_Rosecliff Mansion

How the multi-million dollar Rosecliff Mansion became the setting for Pickett’s Dream

Backstory of Rosecliff Mansion

“Rosecliff was not the grandest of the mansions. And this was part of its charisma. On a street that held dream after dream of nineteenth-century robber barons, who had come to believe in their monarchies in an unfortunately democratic state, its graceful restraint in the company of The Breakers and Marble House, allowed it a presence that didn’t have to prove its preeminence.  

It was fashioned after the ‘Little Palace’ in the gardens of Versailles. In lieu of pink marble, the mansion was constructed of brilliant terracotta, which radiated in the day and held the sun into the cool of the summer evenings. A stately bank of Palladian windows stretched across the front of the house, holding in its frame a hundred-foot ballroom and three thousand miles of ocean.”

Views of Rosecliff

The first time I saw Rosecliff as I was passing by on Bellevue Avenue in Newport, there was something about its stunning façade that suggested physical perfection. It was as though its architect, Stanford White (who was soon to be shot by a jealous husband on a rooftop restaurant in New York), knew what I had yet to learn about the beauty of understatement amid an egotistical materialism that was uniquely American. In comparison, overblown mansions like The Breakers and Marble House looked like cheap imitations of the European villas they would never be.

White’s genius as an architect began with his decision to imitate the “Little Palace.” Last weekend I went to see it firsthand, and was taken by its scale relative to its gargantuan parent, “Palace of Versailles.” Perfectly proportioned, grand as it was, by comparison, it was almost modest—inviting commoners like me to bask in its grace rather than being overwhelmed by size.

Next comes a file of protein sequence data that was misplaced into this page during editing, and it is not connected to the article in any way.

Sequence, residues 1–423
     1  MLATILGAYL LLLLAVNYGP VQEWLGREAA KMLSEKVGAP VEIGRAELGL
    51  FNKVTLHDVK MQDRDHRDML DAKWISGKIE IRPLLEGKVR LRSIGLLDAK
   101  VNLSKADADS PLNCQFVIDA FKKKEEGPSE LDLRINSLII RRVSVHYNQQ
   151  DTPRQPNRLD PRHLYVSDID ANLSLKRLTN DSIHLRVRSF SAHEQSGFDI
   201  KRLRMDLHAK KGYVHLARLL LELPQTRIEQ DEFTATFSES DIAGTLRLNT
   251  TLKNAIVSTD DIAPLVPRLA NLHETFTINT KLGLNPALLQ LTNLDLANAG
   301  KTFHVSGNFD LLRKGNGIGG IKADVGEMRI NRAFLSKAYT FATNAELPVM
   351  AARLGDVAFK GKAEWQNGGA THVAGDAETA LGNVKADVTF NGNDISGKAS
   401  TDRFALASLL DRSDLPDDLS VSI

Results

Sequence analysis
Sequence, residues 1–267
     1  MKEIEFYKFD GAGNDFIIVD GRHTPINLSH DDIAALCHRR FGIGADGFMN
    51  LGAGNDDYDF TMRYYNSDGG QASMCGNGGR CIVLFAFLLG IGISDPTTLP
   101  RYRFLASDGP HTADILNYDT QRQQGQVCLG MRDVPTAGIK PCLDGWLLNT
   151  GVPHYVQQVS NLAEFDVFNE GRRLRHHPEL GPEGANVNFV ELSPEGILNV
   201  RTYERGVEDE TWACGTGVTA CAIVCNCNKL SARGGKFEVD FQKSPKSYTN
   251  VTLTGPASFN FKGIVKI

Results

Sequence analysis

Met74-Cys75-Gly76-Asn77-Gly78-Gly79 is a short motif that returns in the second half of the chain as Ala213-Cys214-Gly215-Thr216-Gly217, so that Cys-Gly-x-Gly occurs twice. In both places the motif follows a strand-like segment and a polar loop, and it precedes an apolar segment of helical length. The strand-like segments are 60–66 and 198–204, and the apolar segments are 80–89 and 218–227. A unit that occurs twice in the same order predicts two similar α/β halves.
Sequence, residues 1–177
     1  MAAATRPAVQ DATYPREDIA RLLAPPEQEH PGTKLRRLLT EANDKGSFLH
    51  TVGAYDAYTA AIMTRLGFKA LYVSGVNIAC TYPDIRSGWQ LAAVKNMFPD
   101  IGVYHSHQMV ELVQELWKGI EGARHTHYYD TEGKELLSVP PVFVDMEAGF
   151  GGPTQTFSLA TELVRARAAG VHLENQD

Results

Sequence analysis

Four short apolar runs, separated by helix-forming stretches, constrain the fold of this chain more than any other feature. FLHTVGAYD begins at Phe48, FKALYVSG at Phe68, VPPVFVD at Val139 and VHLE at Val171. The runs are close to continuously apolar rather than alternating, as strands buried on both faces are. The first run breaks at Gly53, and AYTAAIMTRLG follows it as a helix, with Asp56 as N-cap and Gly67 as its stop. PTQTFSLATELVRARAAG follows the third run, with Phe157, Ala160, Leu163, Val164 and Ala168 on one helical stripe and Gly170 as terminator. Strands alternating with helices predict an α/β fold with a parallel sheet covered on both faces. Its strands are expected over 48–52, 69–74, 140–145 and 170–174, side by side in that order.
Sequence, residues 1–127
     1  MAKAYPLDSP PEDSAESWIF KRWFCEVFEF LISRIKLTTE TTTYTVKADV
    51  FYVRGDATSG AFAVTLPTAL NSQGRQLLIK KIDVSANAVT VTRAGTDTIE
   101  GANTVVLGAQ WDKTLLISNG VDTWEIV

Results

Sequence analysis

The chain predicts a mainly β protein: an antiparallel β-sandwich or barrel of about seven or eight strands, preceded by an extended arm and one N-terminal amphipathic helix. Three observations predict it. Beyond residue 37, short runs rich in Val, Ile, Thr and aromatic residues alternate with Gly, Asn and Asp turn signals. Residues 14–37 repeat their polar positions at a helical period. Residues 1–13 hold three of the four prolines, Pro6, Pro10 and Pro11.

To me, there is something about Rosecliff’s façade that is as tragic as wealth itself—a magnificent attempt at immortality that was doomed from the start. Yet perhaps like most, the illusions of wealth overtake my better judgment, giving me to wonder if Rosecliff were mine, would I live forever? In this spirit, I “stretched” the length of Rosecliff’s ballroom from 80 to 100 feet, and fictionalized extravagant parties it could have hosted a hundred years before:

Inside the Rosecliff Ballroom

“It was said of its first mistress, Mrs. Morrison Bamberger, wife of Adolph Bamberger, the Philadelphia coal magnate, that in her first day of residence she lined up a platoon of gardeners in the ballroom, and with her own strong foot, rolled out an oriental carpet and demanded: “Reproduce it!”  The next proprietress, Mrs. Jameson Whitney, gave the dazzling parties that made Rosecliff the preeminent venue of the 1920’s.  When the Navy declined the small fortune that she offered to anchor the fleet out on the water, she allegedly hired every boat within twenty miles of coastline to don ten thousand lights and moor out in the dark as a mock flotilla.”

The choice of Rosecliff as the setting for the novel didn’t happen by accident. Rosecliff constellated perfect paradoxes: between greed and generosity, humility and hope, privilege and generosity; between ephemeral beauty beyond our reach, and the inevitable specter of defeat. Convinced as I am that the love of money is a root of all kinds of evil, so am I haunted by some earthly vision that will render paradise.

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